I hope you’re having a good Christmas , this is the third day of Christmas and I’m going to let off steam on the subject of pension dashboards and in particular people who see them as an invitation to criminals to ruin our retirements.
Five years ago, I met a man in a Crisis at Christmas shelter who at the age of 58 had nothing but a few clothes and his identity to his name. So I thought, it turned out that man had several thousand pounds “locked up” in workplace pensions that he thought he had lost because he’d left the job where he built this money up. He had no way to find that money but by good fortune , he got help from someone I knew at Crisis and he used that money to get back on his feet. The PPI reckon there are over £26bn of lost pensions in this country. No criminal would ever think to develop a multi-billion pound heist of our savings, but that is what the British Pension System has (inadvertently) achieved. Those people who argue against open pensions on the grounds of security should be reminded of the dangers of “closed pensions”.
My second gripe against the dashboard bashers is that they invariably refer to the pension dashboard (singular). This is because they are used to a state run dashboards which are joyless events designed to be unhelpful. According to Stefan Lundberg, these dashboards have been designed “not to compete” with existing advisers which means that people are unlikely to “move beyond the landing page” of the state website. This is not what is happening in the UK where, after a year of trialling by the state website, commercial dashboards will be available from the back end of 2024 (the likely dashboard available point) to help people make use of their lost and fragmented savings.
Creating a state monopoly on information gathering has made the Scandinavian dashboards an extension of an already state dominated pension system. People who think that the mono-dashboard is a good thing are likely the same people who wanted Nest as the only workplace pension and are typically wary of the enterprise culture. It would be wrong to dismiss their concern about competition as pensions have not had a great track record of delivering value for money, but it would be equally wrong to throw the baby out with the bathwater, we need enterprise driven dashboards which are genuinely fun to use and compete with each other as delightful to use.
My third and final gripe at the dashboard knockers is that they are overly immersed in the minutiae and unable to see the bigger picture. Terrified of the implications for their Professional Indemnity Insurance, FCA authorisation and public reputation, many good organisations are obsessed by throwing amber and red flags whenever they sniff innovation.
Our duty to the consumer is to help them benefit from the common purpose of pensions, dignity in retirement from an income that lasts as long as they do. To that end, people need an adequate way of getting paid from their various pots without being beset by interviews by providers and MaPS, without being nudged towards financial advisers and without fear that by pressing a button marked “spend”, they are sending their savings to the wrong person.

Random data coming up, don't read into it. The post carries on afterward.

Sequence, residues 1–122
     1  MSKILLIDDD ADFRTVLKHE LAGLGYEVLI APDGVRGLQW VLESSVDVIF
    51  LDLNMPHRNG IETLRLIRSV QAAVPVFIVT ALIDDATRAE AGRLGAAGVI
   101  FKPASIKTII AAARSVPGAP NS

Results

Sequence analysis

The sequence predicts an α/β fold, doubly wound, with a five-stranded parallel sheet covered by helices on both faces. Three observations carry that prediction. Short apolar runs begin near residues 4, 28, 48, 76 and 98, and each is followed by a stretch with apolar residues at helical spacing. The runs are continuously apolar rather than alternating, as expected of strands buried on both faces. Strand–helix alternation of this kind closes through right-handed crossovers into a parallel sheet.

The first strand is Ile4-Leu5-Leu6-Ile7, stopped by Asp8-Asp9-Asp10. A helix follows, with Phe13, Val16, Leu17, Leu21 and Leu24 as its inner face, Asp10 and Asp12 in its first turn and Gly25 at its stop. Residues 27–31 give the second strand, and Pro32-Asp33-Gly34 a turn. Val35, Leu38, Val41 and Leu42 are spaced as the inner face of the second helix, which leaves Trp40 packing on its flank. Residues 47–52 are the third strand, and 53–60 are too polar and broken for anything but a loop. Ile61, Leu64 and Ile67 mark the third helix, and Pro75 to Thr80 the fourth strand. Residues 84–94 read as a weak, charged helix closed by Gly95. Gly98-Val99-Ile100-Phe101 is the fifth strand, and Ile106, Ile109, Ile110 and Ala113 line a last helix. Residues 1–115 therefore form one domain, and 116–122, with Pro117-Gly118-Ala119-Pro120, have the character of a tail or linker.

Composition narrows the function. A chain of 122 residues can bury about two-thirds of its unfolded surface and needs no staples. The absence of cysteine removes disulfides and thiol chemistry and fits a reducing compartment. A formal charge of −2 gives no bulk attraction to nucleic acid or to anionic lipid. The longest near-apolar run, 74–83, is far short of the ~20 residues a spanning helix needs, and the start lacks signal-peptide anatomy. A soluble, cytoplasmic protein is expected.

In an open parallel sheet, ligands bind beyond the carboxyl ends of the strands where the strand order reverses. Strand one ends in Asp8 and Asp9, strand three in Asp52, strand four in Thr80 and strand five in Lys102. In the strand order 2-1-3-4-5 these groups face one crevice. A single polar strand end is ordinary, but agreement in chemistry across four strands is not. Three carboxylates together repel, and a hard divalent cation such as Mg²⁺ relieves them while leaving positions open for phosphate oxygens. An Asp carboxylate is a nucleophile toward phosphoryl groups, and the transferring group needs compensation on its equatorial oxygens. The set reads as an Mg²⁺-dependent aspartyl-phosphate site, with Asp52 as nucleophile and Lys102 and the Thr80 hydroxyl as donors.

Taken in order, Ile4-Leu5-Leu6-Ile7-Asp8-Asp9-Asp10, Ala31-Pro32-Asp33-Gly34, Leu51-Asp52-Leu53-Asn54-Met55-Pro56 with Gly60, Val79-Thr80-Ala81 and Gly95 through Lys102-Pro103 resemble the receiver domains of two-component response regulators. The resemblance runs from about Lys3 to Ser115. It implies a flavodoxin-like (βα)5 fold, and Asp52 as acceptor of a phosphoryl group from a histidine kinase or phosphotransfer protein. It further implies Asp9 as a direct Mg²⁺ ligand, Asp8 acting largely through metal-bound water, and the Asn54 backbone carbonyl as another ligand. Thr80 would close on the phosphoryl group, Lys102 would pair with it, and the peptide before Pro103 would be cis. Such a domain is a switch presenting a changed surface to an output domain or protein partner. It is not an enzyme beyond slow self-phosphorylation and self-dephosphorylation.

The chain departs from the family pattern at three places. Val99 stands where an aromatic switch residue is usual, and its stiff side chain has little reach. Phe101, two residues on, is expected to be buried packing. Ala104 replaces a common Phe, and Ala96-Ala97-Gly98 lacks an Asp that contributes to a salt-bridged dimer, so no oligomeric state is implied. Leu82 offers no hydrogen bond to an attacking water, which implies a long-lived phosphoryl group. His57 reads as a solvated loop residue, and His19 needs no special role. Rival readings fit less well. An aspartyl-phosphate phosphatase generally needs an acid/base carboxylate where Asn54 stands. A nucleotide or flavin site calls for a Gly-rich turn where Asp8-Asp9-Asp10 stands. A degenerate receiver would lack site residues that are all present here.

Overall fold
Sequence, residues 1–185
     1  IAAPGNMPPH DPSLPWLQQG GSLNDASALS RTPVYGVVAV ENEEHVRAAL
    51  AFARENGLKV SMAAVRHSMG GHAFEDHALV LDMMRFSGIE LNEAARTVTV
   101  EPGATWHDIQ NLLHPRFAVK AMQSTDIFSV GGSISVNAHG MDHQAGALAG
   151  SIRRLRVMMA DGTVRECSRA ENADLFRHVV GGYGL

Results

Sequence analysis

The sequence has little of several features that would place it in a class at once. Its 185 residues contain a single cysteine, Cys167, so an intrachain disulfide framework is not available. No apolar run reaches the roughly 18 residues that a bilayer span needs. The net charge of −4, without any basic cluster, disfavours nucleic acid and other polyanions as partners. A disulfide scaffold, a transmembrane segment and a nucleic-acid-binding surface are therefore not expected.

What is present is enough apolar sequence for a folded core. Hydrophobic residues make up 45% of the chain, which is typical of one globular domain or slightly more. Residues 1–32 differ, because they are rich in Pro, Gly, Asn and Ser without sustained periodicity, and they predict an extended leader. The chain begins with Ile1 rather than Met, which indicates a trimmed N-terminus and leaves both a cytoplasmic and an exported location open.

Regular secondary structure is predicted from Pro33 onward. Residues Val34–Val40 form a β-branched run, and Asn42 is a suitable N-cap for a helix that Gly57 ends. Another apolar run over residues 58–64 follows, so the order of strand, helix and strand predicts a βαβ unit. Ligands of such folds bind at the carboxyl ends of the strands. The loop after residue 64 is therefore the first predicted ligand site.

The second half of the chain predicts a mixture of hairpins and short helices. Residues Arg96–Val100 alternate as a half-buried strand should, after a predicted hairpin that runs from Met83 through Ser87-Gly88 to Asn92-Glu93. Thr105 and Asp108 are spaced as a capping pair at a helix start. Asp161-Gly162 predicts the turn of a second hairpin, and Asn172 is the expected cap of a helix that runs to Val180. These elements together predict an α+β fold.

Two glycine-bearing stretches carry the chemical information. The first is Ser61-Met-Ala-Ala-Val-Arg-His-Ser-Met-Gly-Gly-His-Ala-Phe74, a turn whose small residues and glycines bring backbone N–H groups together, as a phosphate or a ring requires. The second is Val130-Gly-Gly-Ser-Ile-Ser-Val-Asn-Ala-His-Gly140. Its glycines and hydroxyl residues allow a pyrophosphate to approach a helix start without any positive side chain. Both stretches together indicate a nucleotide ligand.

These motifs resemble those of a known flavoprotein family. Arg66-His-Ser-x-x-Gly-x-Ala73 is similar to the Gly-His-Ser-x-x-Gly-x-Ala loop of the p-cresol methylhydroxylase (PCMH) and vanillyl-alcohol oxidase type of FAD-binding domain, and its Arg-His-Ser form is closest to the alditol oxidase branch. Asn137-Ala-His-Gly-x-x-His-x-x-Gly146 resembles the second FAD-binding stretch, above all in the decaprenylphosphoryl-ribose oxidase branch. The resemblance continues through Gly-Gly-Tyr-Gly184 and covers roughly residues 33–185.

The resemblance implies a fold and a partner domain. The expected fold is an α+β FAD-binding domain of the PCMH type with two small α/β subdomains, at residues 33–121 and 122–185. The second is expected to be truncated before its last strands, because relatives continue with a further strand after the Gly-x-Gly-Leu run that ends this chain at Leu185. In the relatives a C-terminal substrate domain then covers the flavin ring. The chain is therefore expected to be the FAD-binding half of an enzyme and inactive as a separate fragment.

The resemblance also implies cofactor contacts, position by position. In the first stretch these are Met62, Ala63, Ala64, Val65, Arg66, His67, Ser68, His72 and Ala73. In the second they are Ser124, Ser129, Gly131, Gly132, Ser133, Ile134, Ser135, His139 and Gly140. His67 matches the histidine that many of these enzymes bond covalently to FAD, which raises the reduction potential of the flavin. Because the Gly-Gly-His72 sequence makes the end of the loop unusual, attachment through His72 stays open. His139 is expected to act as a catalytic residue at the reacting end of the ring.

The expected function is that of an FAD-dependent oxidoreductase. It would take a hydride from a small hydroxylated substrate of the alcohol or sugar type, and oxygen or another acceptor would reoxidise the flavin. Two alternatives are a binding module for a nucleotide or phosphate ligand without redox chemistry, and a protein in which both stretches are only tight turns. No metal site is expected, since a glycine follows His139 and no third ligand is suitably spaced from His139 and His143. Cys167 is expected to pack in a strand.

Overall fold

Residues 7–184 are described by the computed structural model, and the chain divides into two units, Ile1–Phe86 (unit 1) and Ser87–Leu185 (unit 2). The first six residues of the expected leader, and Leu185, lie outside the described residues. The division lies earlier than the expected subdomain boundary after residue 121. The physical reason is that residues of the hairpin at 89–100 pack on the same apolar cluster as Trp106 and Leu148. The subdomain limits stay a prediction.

The headline at the top of this blog , refers to fears that people need to see everything, no matter how complex, to understand their wage in retirement. This is simply not the case. Even if the dashboard available point leaves people with an incomplete view of their savings, people will view the glass three-quarter full. So long as the remaining information is promised to follow , people will happily see their first visit as a work in progress , not their last.
We must remember that the big picture is about people having income to spend in retirement and this is the proper end of all the saving. We do not need a “hoarding” culture that encourages people to be wealthy but over-frugal. Instead, we need to encourage the spending of our savings not just on the essentials but on the good things in life – including spending on ourselves.
This is the lesson being learned in Australia, where those with Super pots are being encouraged to set up inflation-protected income streams, so that the wealth is recycled into the economy engendering the promised good times that the financial sacrifice promised.
The financial services industry is very far from “net outflows” in terms of “money in, money out”. It is a maw into which our savings flow and too rarely return to us. We are a mature society with a guilty conscience that we have saved too little and that we will be a burden on our children. This must change – we need to spend what we have saved to create the conditions for our children to flourish.
The dashboard should become, not so much a measurement of the store of this nation’s wealth as an indication of its capacity to turn that wealth back into cash that drives the economy forward for the next generations.